Teaching Piano to Downs Syndromegreenspun.com : LUSENET : Everything About Teaching and Learning the Piano : One Thread
I have been asked to teach piano to an 11 year old girl with Downs Syndrome. Does anyone have any good information or advice about how best to help her, or any special teaching techniques that would help her?
-- Laura Stack (email@example.com), March 01, 2003
Hello, Laura. I have a 14-year-old son with Down Syndrome. Here are a few observations:
I hope this information is helpful for you!
- Many children with DS respond very well to music.
- Plan to be a little more patient, and expect a fairly short attention span - break concepts down into small, manageable units.
- You might notice a slight delay between perception and/or intention, and the ability to actually perform rhythms on time (with the beat) - though this gets better with practice.
- You might also notice more problems with finger coordination, so expect a little more time to develop fingering, hand position, etc.
- Generally, students with DS should be able to learn the same concepts, skills, and repertoire as other students, but the learning curve might be a little longer.
- There is a range of ability levels and strengths/weaknesses among students with DS, so it's difficult to predict exactly what your experience would be with this student.
- My son tends to be a better aural learner than visual - I would recommend doing quite a few rote pieces and activities, but also use sight-reading materials, preferably off-staff pre-reading to start.
-- Jon Ensminger (firstname.lastname@example.org), March 09, 2003.
After reading the previous post I felt I had to respond with a few suggestions: it seems to me that a traditional piano approach might NOT be the way to go with a DS student. Piano programs like Musikgarten, Harmony Road, Music For Young Children, and Yamaha may be better suited to this student and the particular challenges he/she might face. These programs are taught in a group atmosphere (with parent participation), and a variety of musical activities like singing, movement, ear training, etc... are important aspects of the total musical education. Every few minutes the activities change (which would address the shorter attention span). Also, these programs are more AURAL in nature, although children do learn to read music. I had a mom of a DS child come and observe one of my classes and although the child didn't sign up (they ended up moving to Texas), she was quite impressed with the structure and thought it would be better for her child than a traditional private piano setting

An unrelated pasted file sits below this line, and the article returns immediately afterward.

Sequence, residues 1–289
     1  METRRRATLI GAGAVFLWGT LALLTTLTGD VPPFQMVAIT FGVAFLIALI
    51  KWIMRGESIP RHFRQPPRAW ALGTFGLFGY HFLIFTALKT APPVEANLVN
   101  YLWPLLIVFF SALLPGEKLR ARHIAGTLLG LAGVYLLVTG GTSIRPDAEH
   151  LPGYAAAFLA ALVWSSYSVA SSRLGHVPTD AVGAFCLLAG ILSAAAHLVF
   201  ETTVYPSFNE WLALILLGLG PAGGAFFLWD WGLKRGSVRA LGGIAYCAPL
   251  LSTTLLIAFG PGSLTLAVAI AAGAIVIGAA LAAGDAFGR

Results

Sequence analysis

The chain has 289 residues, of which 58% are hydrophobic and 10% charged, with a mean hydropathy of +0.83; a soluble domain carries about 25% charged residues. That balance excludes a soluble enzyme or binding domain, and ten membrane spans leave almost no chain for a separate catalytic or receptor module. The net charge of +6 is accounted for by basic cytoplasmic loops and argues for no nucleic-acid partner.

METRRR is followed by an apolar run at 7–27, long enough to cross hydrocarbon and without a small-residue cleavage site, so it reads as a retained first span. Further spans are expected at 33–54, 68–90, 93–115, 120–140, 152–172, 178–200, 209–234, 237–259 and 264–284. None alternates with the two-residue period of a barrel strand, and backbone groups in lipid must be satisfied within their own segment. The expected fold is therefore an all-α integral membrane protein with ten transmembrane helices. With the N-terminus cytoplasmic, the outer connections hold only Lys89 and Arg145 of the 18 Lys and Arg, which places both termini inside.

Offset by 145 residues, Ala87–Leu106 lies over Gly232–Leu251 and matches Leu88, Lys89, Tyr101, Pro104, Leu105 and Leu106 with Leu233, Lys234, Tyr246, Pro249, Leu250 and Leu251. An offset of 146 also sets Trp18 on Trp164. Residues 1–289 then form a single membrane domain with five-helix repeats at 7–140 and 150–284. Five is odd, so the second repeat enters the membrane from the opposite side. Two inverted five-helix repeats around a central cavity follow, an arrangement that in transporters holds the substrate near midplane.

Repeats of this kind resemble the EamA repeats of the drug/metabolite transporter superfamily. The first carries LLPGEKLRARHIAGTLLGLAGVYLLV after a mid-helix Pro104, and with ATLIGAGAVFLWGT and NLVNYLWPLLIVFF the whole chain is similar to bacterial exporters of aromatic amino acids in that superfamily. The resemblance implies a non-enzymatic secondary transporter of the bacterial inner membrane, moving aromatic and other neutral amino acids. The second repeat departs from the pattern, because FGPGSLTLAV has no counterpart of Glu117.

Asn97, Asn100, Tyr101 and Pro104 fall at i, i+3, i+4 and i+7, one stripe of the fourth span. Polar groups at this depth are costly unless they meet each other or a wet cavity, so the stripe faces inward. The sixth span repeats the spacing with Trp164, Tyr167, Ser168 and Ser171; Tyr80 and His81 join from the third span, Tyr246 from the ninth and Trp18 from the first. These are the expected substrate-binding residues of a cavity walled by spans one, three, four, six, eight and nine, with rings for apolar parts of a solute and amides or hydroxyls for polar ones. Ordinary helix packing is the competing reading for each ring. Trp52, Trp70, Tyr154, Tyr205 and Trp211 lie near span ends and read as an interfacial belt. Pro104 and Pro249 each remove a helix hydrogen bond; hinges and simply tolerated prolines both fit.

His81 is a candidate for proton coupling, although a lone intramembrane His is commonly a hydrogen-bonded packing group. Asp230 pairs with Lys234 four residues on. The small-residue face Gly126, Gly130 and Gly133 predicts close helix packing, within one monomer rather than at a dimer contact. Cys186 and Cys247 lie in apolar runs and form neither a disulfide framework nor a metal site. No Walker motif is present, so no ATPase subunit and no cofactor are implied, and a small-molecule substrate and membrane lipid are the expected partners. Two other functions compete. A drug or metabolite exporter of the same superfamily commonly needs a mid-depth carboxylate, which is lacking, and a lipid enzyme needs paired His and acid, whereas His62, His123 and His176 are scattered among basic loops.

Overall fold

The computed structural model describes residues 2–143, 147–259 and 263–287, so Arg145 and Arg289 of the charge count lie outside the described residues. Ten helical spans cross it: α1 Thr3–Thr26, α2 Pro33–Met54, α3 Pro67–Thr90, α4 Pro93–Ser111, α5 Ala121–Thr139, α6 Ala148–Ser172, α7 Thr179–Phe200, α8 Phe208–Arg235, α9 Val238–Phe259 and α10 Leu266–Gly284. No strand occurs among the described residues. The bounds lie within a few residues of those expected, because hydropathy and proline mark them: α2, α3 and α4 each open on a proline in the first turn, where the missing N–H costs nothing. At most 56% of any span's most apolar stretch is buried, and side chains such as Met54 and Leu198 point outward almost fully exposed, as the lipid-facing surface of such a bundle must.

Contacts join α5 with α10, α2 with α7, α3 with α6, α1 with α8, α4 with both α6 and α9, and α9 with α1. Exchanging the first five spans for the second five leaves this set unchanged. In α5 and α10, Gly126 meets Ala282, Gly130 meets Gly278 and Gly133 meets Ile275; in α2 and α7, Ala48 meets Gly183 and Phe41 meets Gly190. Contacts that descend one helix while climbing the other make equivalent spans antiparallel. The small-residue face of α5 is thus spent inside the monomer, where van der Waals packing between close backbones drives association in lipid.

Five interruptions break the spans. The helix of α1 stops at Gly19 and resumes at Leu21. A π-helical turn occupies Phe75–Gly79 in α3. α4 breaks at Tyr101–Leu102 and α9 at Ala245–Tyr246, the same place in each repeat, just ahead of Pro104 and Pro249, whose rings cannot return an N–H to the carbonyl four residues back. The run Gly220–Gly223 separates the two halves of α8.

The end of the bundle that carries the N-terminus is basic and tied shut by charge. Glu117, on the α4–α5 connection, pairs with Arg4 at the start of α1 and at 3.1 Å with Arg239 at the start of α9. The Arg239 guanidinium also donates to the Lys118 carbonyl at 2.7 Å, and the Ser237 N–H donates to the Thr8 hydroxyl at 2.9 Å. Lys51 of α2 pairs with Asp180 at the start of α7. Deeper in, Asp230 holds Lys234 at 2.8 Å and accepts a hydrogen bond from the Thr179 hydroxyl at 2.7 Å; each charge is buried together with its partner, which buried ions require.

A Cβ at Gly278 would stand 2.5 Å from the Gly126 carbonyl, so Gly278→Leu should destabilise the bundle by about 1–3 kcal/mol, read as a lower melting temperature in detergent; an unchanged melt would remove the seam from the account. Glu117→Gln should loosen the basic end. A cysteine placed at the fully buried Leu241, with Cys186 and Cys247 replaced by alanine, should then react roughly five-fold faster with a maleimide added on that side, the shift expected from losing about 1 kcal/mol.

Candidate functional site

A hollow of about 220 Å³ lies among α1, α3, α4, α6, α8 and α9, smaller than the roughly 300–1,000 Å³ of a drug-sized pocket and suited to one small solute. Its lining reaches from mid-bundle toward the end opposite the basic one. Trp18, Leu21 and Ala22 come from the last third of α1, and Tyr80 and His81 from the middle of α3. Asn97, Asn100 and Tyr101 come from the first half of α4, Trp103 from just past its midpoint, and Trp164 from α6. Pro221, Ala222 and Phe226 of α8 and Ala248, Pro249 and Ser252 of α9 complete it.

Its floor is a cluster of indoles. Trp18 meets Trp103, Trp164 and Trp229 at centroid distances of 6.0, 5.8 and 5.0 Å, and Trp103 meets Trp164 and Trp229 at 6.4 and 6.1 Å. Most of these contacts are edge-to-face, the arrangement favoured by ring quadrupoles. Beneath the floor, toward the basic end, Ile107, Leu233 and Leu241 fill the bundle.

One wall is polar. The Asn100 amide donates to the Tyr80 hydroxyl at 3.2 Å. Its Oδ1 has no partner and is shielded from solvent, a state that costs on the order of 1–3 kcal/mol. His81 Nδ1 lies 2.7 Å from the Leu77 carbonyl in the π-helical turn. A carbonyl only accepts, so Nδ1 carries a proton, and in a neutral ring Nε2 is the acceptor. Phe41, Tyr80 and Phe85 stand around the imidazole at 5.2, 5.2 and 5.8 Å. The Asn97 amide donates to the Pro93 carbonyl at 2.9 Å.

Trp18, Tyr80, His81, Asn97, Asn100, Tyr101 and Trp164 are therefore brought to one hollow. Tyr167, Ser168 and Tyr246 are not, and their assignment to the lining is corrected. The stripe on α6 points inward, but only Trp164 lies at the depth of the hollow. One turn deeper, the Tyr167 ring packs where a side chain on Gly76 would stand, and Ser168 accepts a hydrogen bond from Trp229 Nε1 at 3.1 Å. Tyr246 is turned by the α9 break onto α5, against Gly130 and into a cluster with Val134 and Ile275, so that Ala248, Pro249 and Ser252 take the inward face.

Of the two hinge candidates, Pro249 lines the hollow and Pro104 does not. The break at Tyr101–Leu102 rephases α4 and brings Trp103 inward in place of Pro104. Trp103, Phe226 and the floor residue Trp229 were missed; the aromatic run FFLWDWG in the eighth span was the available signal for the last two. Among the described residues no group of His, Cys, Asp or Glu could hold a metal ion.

-- alexandra (email@example.com), March 10, 2003.
Yes, those are good suggestions. My only thought is that at 11, the student would probably be ready for more than music-readiness types of activities. There is no reason why an 11-year-old girl with Down Syndrome couldn't learn to play the piano in a traditional setting. I would perhaps supplement with the readiness-type activities, but certainly she could use traditional piano materials, probably at a slower pace.
-- Jon Ensminger (firstname.lastname@example.org), March 11, 2003.